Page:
Their Illicit Lover

 This is one of my darker posts. And for a good reason. Please read through to the end.   A true story.


He said he would kill them

In his time, in his way

And yet they let him stay


Even before they loved each other

They loved him

Faithfully and steadfastly

And when they married

He moved in with them


Years fell away

They had children

Dreamed dreams

Lost their dreams

Then found them again

Aged a little

And aged a little more

They shared everything with him


Yet he never ceased to whisper,

“One day I will kill you”

By now it seemed a carnal jest

A monkeyshine


And then he killed the man


The woman was gutted, emptied

The man had been everything to her

 “Not you!” she screamed,

“It was never you I loved!”

And yet she let him stay


A generation passed

Before she found the courage

To make him leave

When she did, he said,

“Did you think it would matter?”


Eight more years passed

And then suddenly and without warning

He came to fulfill his promise

“Why did you wait until now?” she whispered

“Wait?” he said

“My dear,

I began killing you

The day we met”

He stayed till the end

Not because he loved her


But because he wanted to watch


Cigarette smoking kills six million people every year. It is the most preventable cause of death in the world. It killed both of my grandfathers. It killed my mother and my father, too. It was they who inspired this story. She was 69. He was 45. I will miss them forever.

I will not miss their illicit lover.

About mitchteemley

Writer, Filmmaker, Humorist, Thinker-about-stuffer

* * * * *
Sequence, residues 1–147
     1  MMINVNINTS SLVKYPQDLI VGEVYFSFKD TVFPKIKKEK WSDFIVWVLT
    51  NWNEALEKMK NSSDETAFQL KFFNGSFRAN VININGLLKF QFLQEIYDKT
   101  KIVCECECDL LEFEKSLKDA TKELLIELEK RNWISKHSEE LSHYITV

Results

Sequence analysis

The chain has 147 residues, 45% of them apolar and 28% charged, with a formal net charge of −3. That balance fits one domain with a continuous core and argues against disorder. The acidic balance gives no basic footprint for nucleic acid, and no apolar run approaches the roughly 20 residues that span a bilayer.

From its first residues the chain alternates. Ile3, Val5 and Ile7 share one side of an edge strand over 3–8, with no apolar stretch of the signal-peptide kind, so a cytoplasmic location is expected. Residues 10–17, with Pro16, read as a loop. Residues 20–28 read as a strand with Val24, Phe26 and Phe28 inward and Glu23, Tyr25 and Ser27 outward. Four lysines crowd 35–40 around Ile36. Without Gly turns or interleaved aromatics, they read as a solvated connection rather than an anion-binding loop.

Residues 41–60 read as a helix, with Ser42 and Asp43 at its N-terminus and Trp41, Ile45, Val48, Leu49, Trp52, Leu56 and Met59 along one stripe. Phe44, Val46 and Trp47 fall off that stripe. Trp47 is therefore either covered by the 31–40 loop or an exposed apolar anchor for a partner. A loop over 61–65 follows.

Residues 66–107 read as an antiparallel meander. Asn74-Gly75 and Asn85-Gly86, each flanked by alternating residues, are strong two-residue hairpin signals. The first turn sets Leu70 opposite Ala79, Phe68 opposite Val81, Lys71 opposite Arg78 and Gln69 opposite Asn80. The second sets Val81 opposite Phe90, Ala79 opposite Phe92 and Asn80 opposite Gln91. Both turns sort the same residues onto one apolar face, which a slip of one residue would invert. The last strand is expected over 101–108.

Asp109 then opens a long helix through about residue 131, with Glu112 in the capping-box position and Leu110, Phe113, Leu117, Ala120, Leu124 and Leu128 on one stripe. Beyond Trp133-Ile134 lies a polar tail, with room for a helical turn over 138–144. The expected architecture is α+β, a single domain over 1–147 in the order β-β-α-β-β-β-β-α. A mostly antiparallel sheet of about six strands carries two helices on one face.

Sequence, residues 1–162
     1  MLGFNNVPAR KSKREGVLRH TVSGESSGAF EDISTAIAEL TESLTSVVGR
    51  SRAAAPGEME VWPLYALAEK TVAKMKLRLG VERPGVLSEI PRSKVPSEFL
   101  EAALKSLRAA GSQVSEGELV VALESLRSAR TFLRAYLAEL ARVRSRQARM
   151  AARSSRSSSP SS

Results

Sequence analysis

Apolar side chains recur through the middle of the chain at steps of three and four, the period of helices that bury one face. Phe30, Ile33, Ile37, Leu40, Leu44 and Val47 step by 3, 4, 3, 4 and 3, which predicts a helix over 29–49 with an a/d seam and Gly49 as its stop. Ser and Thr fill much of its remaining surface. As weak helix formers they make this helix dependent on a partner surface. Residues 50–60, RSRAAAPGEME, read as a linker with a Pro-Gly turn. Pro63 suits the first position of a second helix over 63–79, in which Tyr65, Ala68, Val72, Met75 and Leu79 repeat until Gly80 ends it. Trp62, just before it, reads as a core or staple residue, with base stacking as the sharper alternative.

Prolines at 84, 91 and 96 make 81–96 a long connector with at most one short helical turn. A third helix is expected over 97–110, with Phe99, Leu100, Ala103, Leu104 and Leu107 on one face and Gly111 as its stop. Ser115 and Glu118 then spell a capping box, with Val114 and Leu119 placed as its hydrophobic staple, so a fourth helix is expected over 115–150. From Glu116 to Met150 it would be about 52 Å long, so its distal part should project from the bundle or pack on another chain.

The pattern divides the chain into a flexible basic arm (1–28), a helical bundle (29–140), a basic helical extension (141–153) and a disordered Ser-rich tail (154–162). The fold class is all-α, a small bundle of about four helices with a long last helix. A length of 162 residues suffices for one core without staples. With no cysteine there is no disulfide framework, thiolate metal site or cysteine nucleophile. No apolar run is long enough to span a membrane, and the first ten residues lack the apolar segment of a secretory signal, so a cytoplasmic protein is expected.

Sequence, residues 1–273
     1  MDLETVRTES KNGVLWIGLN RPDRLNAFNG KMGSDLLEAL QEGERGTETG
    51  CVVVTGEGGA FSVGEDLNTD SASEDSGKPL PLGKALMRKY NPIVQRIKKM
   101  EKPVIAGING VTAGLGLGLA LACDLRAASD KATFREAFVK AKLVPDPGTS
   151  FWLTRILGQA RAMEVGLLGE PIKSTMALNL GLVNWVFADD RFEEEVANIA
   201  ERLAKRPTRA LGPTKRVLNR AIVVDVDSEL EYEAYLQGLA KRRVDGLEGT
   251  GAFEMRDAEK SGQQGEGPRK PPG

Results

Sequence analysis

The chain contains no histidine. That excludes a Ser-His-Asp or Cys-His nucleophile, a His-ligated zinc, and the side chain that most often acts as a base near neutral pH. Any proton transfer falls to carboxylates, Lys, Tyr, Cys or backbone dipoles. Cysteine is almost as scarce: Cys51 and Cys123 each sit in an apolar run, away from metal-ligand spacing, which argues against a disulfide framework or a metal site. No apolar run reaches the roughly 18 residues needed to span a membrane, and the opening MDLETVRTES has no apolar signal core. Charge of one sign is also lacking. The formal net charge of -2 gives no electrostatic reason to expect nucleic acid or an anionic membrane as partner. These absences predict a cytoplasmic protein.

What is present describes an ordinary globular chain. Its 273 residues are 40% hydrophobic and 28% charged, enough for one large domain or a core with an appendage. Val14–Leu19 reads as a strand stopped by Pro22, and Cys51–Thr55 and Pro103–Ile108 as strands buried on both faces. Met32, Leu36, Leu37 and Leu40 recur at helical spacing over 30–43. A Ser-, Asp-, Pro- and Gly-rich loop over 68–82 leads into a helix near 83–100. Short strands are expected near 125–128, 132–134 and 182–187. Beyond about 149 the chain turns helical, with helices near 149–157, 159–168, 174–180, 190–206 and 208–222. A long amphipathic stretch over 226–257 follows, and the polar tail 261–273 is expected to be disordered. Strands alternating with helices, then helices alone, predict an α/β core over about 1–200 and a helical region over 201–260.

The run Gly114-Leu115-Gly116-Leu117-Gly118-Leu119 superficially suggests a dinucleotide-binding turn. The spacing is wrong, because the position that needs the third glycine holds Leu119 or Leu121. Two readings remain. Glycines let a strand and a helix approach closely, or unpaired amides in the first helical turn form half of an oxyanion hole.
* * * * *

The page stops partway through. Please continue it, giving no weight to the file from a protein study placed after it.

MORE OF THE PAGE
This entry was posted in Culture, Memoir, Poetry, Quips and Quotes and tagged , , , , , . Bookmark the permalink.

66 Responses to Their Illicit Lover

  1. pkadams says:

    Sigh. 😦 I was expecting alcohol, and they often go together. Or it can be prescription drugs. Or food addiction. We can ruin our health in so many ways.

    Liked by 3 people

  2. It killed my father at age 69. His last years were spent in misery as he gasped for each breath. He had begun smoking down on the farm in 1914 at age 11 because it was cool. I had a close teen friend in the 1950s who used to laugh as he lit up and say, “Here’s another nail in my coffin.” He laughed!

    Liked by 2 people

    • mitchteemley says:

      Yeah, my generation was the first to start turning away from cigarettes. I still remember the “smoking is not glamorous” posters in our high school rooms. Sadly, teens are now starting to vape in large numbers.


  3. Teressa says:

    Wow. Excellent. Thank-you.

    Liked by 2 people

  4. How sad. When I volunteered at a hospital to sing to the cancer patients, I was asked to sing at the bedside of a woman dying of lung cancer. It was so painful to watch, and I found myself wishing that my middle school and high school students who flirted with smoking could spend fifteen minutes in the room with this family I was thinking it would probably give them nightmares, but they would never light up again.